Dog-sitters in the UK are charging more than £100 a night to look after one dog after a huge rise in demand caused prices to soar.
A combination of 3.2 million new pets bought during the pandemic and a shortage of dog walkers and sitters has led to the enormous price rise as dog owners are desperate to find people to watch their pooches.
Another factor contributing to the squeeze is that lots of kennels were forced to close down during the Covid lockdowns.
Dog-sitting website Rover.com told FEMAIL they had seen a 246% global rise in bookings since the beginning of the pandemic.
Dog-sitting website Rover.com said there has been an increase in demand of 246% since the pandemic began in 2020
Between 2021 and 2022 alone the service saw an 81% increase in new and repeat bookings.
In particular, the rise has most commonly stemmed from metropolitan areas.
One dog-sitter based in south London, who lists her services on Rover.com, charges £115 minimum per night to dog-sit.
She charges significantly less for house-sitting (where she looks after the pooch in their own home).
However, another woman on the site, based in the same area, charges £104 for a night of dog-sitting both in her own home and in the pooch’s home.
Claiming to have 10 years’ experience looking after pets, she describes herself as an animal lover and has two stellar reviews singing her praises.
In March 2021, just before the third Covid lockdown came to an end, UK supermarkets warned of a potential shortage in supplies of cat and dog food due to a rise in demand as the number of pandemic pets soared.
Figures released by the Pet Food Manufacturers Association revealed that 56% of new animal owners were under the age of 35, while 59% of the new owners had children at home.
Nicole Paley, deputy chief executive of the PFMA, said: ‘With millions working from home or furloughed from their jobs, many have clearly considered the numerous benefits of pet ownership.
‘Now, more than ever, we know that the companionship and joy pets can bring to people’s lives shouldn’t be under-estimated.’
She added that, amid the huge increase in dog ownership, people should think about the ‘long-term responsibilities’ of bringing a pet into your life and how your working situation may change in the future, meaning you’re not working from home as much.
It is thought that summer holiday season has spiked the demand for dog-sitting services even more, as many pet owners are planning to jet off abroad for weeks at a time.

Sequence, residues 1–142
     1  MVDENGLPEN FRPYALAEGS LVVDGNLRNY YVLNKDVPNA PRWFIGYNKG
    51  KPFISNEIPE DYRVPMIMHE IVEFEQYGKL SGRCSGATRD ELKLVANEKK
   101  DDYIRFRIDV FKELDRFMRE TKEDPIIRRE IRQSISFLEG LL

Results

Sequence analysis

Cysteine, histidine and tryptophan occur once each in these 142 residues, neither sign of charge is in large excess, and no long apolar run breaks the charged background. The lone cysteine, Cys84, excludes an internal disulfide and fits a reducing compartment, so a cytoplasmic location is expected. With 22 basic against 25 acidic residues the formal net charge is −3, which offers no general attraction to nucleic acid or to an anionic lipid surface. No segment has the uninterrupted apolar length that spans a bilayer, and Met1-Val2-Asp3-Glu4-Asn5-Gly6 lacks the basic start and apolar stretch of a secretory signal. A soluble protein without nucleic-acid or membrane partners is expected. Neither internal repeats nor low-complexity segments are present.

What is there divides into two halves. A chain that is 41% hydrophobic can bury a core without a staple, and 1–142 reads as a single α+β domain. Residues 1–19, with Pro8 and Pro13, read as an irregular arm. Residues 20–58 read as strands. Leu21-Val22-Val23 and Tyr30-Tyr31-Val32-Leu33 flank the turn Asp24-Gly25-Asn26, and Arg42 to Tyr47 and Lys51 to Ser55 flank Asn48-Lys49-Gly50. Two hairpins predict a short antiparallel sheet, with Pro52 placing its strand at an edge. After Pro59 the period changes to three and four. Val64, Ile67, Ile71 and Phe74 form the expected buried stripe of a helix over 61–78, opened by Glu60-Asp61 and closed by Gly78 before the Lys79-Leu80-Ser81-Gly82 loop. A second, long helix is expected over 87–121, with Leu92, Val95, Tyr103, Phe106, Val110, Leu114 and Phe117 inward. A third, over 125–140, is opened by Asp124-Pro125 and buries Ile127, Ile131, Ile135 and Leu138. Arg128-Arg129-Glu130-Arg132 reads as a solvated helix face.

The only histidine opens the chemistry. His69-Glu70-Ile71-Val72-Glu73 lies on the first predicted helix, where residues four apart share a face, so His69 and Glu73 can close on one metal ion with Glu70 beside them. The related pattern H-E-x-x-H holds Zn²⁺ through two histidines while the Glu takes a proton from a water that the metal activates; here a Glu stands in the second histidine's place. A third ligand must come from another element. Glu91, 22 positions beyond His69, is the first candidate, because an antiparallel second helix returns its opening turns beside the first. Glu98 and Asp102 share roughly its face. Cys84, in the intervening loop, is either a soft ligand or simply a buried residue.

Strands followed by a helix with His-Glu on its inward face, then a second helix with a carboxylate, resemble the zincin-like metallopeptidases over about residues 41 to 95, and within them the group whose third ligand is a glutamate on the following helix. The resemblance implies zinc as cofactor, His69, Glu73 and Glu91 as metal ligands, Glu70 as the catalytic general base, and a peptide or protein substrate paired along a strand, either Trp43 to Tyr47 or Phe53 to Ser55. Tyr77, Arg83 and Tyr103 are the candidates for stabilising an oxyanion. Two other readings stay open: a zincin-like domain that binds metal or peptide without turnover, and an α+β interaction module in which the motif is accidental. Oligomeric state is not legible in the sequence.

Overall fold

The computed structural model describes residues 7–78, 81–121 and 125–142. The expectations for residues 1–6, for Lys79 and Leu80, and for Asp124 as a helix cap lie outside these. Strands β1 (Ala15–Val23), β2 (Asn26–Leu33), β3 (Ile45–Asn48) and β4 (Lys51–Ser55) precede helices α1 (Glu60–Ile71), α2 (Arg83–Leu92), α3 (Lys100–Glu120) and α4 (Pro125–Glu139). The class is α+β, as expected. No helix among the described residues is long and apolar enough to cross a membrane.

MailOnline previously reported that one in five people who had bought a new pooch during lockdown were considering rehoming their new pets after Covid restrictions began to ease.
Two Pomeranian Chihuahua crosses, just eight weeks old, are up for sale in Haringey, London, after owner was ‘offered a new job and change of circumstances’
A seven-month-old Staffordshire Bull Terrier for sale in Chingford, London, due to owners ‘not having enough time for him’
Research from The Kennel Club said 17% of new dog owners were concerned that offices, restaurants and pubs, which were all beginning to reopen to people, would not be dog-friendly.
Spokesperson for The Kennel Club, Bill Lambert, said: ‘If dogs can’t go to places with their owners, and fit their lifestyle post-pandemic, some will be left home alone for too long, or even sadly rehomed or abandoned.
‘These consequences could be quite devastating for the nation’s dogs, who frankly don’t deserve to be left behind after being a lifeline for so many during lockdown.’
In January 2021 The RSPCA said it was concerned about the number of adverts popping up online of people either selling their new pets or giving them away for free.
Heartbreaking photos of adorable puppies and kittens were posted on websites like Gumtree selling the animals.
One listing, which advertised two Chihuahua-Pomeranian cross puppies in Haringey, north London, said the current owner of the dogs was giving them up due to ‘a change of circumstances’.
And a seven-month-old Staffordshire Bull Terrier in Chingford, Essex was put up for sale after the owners admitted they didn’t ‘have enough time for him’.
It was also reported that puppies bought during the pandemic in the US were showing signs of stress and anxiety as their owners returned to work.
Researchers from Auburn University discovered that pandemic puppies were more anxious when meeting other people and other dogs because they had spent the first three months of their lives, which are crucial for development, cooped up inside.